Creative Soccer Culture

Looking Back On 5 Years Of New Balance x Liverpool

Liverpool’s partnership with New Balance draws to a close at the end of the current season, and it marks the end of a five-year era that has brought great success for club and brand, both on and off the pitch. And so, before the Liverpool x Nike era begins, we look back on the highs and lows of the 15 shirts produced by New Balance.

The end of the 19/20 season will bring a close to the five-year partnership between New Balance and Liverpool football club, with Nike set to take the reigns from August onwards. But despite a possible bitter taste left in the mouth following the protracted conclusion between the brand and club, in retrospect both can look back on what has been an incredibly successful five year period; a period that has seen the development of the club under FSG and the team under first Brendan Rogers and then Jurgen Klopp, taking in Liverpool’s sixth European cup and their first ever club World Club Cup, capped off with the finest flourish of all: winning the Premier League. Seeing the club lift the trophy in New Balance kits on Wednesday night will be a fitting end to a partnership that has kickstarted a potential period of continued success for the club, harking back to the glory days gone by, and that's been mirrored in the designs of their more recent shirts.

Along the way, New Balance have provided Liverpool with some of the most commercially successful and critically well-received kits in recent memory. But it didn’t get off to the best start ever, and the partnership took a while to warm up. Preceding brand Warrior – a subsidiary company of New Balance – had a mixed bag over their three-year stint, with some less than favourable reactions to some of their away and third kits in particular. So when New Balance entered the football market and took on contracts for the 15/16 season, they immediately looked to steady the ship at Liverpool, playing it safe with three fairly routine offerings. 

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The home shirt saw a sublimated chequerboard jacquard running through the body that supposedly pulled inspiration from the flags and scarves that take over the Kop on matchday, while white detailing through the club crest, sponsor and branding completed the look. New Balance retained the simplified and retro club crest – one of the universally appreciated moves that Warrior had made – and it was used on all shirts going forward.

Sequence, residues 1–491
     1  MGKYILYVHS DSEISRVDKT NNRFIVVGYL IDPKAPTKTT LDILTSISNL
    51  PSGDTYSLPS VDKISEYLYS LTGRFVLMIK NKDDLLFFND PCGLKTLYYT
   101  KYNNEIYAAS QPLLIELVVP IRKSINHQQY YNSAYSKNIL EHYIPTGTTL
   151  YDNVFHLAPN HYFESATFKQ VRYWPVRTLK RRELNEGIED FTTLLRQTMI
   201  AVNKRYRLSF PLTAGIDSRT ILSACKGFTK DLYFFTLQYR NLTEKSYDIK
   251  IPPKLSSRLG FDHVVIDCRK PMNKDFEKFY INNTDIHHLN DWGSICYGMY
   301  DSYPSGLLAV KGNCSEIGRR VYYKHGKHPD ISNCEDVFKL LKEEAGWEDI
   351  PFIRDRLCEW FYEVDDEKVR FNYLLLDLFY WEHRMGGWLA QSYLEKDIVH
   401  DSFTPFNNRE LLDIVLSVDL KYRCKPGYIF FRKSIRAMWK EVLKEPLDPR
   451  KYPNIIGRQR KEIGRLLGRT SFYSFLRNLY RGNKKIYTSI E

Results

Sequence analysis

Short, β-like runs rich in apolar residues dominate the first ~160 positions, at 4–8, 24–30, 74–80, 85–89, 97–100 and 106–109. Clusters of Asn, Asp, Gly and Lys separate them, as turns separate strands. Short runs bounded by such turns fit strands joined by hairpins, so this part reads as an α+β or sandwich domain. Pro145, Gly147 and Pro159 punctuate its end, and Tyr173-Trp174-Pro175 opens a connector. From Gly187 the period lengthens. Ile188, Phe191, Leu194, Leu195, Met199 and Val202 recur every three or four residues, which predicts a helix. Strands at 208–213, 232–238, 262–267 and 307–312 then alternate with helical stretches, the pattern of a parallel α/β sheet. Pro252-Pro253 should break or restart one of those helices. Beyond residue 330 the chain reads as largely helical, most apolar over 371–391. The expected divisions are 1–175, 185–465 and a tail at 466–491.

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The away shirt went with a white base and red accents – colourings that weren’t unfamiliar on the team’s secondary kits through the years, and the third shirt saw a minimal black design landing in contrast to the away shirt, with the introduction of a collar as a further point of difference. Completely inoffensive, but not all that daring either.

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Following that safe start, things arguably got worse before they got better. The 16/17 season home shirt probably goes down as one one of the biggest home misses in New Balance’s tenure. Presenting the club crest, sponsor and branding along with collar trim in a jarring orange colour (was it meant to be gold?) that was first seen on the 13/14 home kit from Warrior. A case of lessons not learnt. The away emulated the third shirt from the previous season, combining the main colour black with silver logos and applications. It had a unique constructed collar and featured four red lines on each side of the shirt. This was the best of the three for the season. Fans probably wish that it had stopped there…

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Third shirts as a concept present an interesting arena; they present a chance for designers to let their creative juices flow, free from the constraints of home colours and with slightly more allowance than you’d get on an away shirt. But, as often as that freedom can result in a masterpiece, it can easily go the other way. Case in point with the third shirt for the 16/17 season. Garish green on the body topped off by a drab grey on the shoulders… yeah, not even sure what they were trying to do with this one.